This book, while relatively well written with a good survey of the exploration history of the continent and much detail on the many parts of Antarctica where virtually no one goes, is almost totally useless as a travel guide.
The single, by far most important decision that a prospective traveler makes is to choose the type of ship and, within the type, which individual ship. According to IAATO there were some 38,000 visitors to Antarctica during the 2009/2010 season. Almost exactly half were passengers on large standard cruise ships that the big operators reposition to the Valparaiso (Chile) to Buenos Aires route during the Northern Hemisphere winter. As a little "bonus extra" these ships skirt Antarctica as they round the Horn and let their passengers view the continent between trips to the groaning buffet tables. Ships of more than 1000 passengers make no landings, while ships with between 400 and 1000 do sometime make a single landing of groups of 100 or less. The same is the case for ships of between 100 and 400 passengers which may venture to make a couple of landings.
The other half, some 19,000, opt for one of the "expedition travel" choices. The vast majority of these book a cruise on one of the roughly 20 ice strengthened ships that are able to navigate in Antarctic waters and, since they carry less than 100 passengers, can land passengers on the continent. As Mr. Rubin points out in the book, 80% of these travelers visit 30 different spots on the Antarctic Peninsula and half of these visit just 10 of the sites, and finally 30% visit only 5.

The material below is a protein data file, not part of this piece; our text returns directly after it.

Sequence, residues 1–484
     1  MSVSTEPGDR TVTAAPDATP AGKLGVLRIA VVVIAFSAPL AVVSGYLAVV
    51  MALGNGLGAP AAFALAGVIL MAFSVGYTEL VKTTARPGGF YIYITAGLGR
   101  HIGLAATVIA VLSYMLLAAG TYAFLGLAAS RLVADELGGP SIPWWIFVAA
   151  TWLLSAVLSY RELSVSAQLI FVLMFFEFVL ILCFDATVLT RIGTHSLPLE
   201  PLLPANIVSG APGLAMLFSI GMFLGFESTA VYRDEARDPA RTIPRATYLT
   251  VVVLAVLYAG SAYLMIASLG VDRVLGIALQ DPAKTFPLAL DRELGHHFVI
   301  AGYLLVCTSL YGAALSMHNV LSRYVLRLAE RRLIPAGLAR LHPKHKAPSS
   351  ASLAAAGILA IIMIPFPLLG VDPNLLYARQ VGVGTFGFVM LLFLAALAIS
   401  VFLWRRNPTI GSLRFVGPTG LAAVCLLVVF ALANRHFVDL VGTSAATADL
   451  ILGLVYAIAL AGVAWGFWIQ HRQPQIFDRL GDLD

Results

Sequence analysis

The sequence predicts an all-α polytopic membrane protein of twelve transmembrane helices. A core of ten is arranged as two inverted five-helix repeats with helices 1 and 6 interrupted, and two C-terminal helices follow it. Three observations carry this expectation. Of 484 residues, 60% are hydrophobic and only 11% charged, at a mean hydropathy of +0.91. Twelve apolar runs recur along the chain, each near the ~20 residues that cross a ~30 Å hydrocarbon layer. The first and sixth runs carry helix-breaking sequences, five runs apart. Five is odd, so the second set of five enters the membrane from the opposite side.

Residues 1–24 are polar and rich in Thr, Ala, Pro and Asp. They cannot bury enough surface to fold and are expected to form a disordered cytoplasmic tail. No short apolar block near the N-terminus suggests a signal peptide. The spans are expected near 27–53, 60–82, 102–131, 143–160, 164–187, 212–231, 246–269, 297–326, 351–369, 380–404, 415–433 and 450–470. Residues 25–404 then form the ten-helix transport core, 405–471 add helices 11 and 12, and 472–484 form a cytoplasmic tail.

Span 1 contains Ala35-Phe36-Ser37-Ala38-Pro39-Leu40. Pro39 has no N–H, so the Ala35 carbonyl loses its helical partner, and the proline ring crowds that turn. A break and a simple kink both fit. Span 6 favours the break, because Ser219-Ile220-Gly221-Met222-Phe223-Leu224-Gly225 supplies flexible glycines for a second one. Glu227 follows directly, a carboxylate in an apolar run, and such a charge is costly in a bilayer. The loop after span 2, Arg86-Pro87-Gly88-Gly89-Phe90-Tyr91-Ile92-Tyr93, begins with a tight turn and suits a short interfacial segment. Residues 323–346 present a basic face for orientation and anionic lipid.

Therefore, while the 19 pages on the Antarctic Peninsula are useful, I question what value the other 200 pages on East Antarctica, Ross Sea, Weddell Sea, pre-Antarctic Islands and even South Georgia, the Falklands etc are since no more than a handful of tourists visit these locations.
But the real failure is that there is almost no information that could help prospective visitors choose with whom they will travel. There are obviously vast differences between the big cruise ships and the expedition ones. For the purpose of this discussion let's put aside passengers on the big cruise ships; they are at best accidental visitors to Antarctica. But there are also huge differences between the expedition ships. About half are Russian research vessels that are chartered out to large tour operators for the season. They are technically good ships but accommodations are often Spartan and onboard service frequently spotty. At the other end of the spectrum are the Lindblad ships and the Hapag-Lloyd ones which are super luxury and with price tags in accordance.
Then there are several ships in between, including the only two locally owned ships, the Chilean Antarctic Dream ( [...] ) and the Argentine Ushuaia ([...] ). Both offer typical cuisine of the two countries with notable examples of both countries wines. The Antarctic Dream is a bit more upscale while the Ushuaia is somewhat more for the backpacker set.
In short what this guide book lacks is guidance on the most important decision that an Antarctic traveler will make; how to get there.